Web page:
The Way Back Home by Freya North #bookreview (@freya_north) @HarperCollinsUK

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“One summer, something happened that changed everything forever…

Born and brought up in an artists’ commune in Derbyshire, Oriana Taylor had freedom at her fingertips in a home full of extraordinary people. The Bedwell brothers, Malachy and Jed, shared their childhood and adolescence with Oriana. In the rambling old house and tangled grounds, their dreams and desires could run free.

But too much freedom comes at a price. Something happened the summer they were fifteen. And now, having been gone eighteen years, Oriana is back.

This is their story.”

 

I’m not sure why it has taken me so long to get round to reading this book by Freya North. It was published in 2015 and, being a huge fan of Freya since I first read Sally and always buying her books on publication, it has been sitting on my TBR since then. I have read The Turning Point, which was published last year. I am wondering if I have been subconsciously pushing this down my TBR because of some unfavourable reviews it has been given on Goodreads. If so, it was a mistake – this is Freya North at her best. My apologies, Freya: after all the years we’ve spent together, I should have had more faith in you.

This is the story of Oriana, her childhood growing up in an artists’ colony in Derbyshire, her childhood friendship with two brothers, and the tragic event which drove them apart. Anyone expecting a light, sugar-sweet romance, or a psychological thriller with a twist in the tail would undoubtedly be disappointed in this book. It is neither of those things because that is not, and never has been, what Freya’s writing is about.

What this book is, is typical of Freya’s novels. It is a beautiful and honest portrayal of human emotion, human relationships and human failings. It is bittersweet, moving, genuine–and totally engrossing if you let yourself connect with these characters, who are damaged and far from perfect, but totally real and believable. One of the comments I have read was that people could not relate to the characters because they weren’t totally likeable, particularly Oriana. I think that is part of the genius of Freya’s work – making us care about characters who maybe aren’t immediately warm and cuddly and someone that you would want as a best friend, but are totally plausible and, if you give them time and try and see what Freya is showing you about why they are as they are, you will find that connection with their humanity.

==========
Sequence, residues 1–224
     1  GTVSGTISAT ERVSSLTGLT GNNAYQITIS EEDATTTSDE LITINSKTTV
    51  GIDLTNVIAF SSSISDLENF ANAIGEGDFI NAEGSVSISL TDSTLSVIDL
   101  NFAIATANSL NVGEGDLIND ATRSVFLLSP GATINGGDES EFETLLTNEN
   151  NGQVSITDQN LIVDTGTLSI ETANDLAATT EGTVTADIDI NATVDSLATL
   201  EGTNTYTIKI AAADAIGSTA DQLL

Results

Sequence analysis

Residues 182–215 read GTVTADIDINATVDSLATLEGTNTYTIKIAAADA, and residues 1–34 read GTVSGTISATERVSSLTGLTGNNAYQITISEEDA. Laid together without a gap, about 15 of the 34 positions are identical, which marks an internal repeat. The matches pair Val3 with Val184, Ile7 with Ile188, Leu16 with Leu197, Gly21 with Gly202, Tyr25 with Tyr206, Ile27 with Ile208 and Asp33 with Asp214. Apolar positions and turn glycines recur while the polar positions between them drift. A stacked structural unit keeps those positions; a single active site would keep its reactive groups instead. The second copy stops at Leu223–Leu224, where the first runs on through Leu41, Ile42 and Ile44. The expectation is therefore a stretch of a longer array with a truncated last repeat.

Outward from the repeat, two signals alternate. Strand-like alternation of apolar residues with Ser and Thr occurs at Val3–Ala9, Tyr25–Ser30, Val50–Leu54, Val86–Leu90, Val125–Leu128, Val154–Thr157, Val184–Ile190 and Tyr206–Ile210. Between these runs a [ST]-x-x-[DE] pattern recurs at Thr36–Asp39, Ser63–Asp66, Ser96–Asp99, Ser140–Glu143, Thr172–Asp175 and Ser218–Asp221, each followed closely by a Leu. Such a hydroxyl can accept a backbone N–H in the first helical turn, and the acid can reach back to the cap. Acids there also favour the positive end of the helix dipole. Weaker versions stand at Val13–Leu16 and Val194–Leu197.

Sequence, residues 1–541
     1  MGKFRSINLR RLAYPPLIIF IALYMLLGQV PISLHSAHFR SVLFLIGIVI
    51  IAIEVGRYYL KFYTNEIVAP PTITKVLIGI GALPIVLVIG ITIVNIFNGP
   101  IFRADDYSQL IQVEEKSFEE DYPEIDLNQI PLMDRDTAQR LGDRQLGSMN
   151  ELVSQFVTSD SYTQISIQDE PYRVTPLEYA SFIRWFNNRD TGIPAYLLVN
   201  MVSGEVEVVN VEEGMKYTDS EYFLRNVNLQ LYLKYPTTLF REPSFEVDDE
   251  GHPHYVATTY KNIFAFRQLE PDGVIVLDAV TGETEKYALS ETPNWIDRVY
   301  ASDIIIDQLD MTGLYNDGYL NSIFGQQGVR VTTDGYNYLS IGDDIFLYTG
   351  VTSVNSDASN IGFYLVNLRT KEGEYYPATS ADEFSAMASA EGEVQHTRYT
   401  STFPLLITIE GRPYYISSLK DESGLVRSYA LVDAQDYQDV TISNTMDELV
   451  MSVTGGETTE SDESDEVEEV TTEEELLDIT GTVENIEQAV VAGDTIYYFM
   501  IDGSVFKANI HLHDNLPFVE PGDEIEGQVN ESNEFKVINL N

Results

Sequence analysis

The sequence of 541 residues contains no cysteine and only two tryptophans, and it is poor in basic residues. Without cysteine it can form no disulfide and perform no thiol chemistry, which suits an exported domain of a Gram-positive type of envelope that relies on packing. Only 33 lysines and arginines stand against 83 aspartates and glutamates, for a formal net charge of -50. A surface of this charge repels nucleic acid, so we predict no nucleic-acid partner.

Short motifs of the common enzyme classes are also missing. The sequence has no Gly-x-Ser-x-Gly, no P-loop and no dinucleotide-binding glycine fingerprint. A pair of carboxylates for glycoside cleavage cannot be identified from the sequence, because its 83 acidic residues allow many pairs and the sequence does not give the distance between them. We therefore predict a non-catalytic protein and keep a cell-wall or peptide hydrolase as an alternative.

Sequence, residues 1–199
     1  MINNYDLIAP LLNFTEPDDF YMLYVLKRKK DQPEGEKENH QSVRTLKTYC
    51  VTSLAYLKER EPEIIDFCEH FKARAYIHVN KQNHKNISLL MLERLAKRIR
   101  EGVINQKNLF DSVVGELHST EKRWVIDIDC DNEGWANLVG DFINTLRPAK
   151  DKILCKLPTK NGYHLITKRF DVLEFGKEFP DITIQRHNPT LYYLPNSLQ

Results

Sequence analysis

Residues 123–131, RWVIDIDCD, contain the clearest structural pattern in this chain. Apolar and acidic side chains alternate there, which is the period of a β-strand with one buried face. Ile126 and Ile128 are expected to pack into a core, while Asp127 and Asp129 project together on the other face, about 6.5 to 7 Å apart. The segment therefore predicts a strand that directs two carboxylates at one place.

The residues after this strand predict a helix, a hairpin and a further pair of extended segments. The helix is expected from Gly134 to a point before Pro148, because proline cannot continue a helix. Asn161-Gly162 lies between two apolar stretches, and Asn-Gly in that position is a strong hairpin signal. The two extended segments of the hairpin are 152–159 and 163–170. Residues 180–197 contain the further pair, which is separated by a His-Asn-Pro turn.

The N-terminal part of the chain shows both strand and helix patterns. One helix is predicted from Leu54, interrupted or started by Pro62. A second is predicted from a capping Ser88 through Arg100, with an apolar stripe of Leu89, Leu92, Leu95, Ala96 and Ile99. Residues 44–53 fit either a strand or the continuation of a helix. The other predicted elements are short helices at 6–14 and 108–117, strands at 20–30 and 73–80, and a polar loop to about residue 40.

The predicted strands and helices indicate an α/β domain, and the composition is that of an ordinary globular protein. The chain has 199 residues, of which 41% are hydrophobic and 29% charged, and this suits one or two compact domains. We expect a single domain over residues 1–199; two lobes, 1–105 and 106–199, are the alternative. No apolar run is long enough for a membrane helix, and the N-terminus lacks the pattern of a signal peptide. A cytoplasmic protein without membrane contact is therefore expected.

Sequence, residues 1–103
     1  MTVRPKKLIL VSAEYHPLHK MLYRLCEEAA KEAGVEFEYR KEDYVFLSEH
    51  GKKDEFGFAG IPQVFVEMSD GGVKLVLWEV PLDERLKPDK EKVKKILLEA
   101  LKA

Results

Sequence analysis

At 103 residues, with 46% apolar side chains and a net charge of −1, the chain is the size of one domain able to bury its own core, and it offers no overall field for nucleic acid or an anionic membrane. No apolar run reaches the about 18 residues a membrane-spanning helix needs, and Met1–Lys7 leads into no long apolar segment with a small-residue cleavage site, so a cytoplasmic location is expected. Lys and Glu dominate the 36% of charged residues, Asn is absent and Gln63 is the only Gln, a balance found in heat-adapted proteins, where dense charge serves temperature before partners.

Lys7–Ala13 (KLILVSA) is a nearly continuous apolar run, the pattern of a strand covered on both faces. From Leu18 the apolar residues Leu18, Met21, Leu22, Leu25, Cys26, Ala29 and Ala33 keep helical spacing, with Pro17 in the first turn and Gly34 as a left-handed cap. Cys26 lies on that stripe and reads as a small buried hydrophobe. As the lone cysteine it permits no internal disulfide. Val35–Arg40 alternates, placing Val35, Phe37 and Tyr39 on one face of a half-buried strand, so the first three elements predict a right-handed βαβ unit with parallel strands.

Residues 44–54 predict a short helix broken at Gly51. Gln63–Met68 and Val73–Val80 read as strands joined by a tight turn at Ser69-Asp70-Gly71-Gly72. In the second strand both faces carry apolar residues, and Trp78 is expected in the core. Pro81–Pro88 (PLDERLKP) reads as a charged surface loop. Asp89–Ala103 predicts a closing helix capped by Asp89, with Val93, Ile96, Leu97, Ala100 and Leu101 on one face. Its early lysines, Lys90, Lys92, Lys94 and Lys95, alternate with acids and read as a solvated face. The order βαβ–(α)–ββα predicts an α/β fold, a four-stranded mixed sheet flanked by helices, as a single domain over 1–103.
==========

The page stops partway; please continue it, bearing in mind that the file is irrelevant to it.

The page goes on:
This book is a slow burn, and it is an insight into the minds, thoughts and feelings of the three main protagonists. I guess some people may not appreciate this style of story-telling but it is what gives you that insight into, and connection with, their emotional story. I have seen complaints that the ‘twist’ is too obvious and there is no ‘big reveal’. I think that misses the point. I don’t believe Freya ever meant for the novel to be some big build up to a shocking conclusion, that isn’t her stock in trade. In fact, it is refreshing to read something currently that isn’t hingeing on that particular device to sell itself. This book requires a bit more effort, a bit more emotional involvement on the part of the reader to get the most from it.

I recently read a comment by the author Jane Green, in answer to a question she was asked about the best bit of writing advice she had ever been given. Her reply was that the best advice had been given to her by Freya North and it was to get to know her characters and let them tell the story. Freya obviously practices what she preaches as she writes people as well as, if not better, than almost any writer out there. Her characters are always totally three-dimensional and fully developed and, likeable or not, they are completely authentic in everything they do. And I have never known anyone write such honest sex scenes (although my friends took me to task for a long while after I made this comment and they then read the one involving clowns in Pip, but I stand by my assertion. And no, I won’t go into any more detail, you will have to go and buy it and read it yourselves!). You know these people. If you let yourself invest in their story, you will be rewarded with an intense emotional journey that will leave you wanting to know what happens to them but also not wanting the story to end.

I loved this book. It made me cry twice. It made me stay up until 1 am on a weeknight when I had to be up at 6.30 am the next day because I had to know the end. And it made me wish I had not left it so long before I read it. I can’t give a book higher praise than that. Go and read it immediately. Then read The Turning Point, because it’s even better.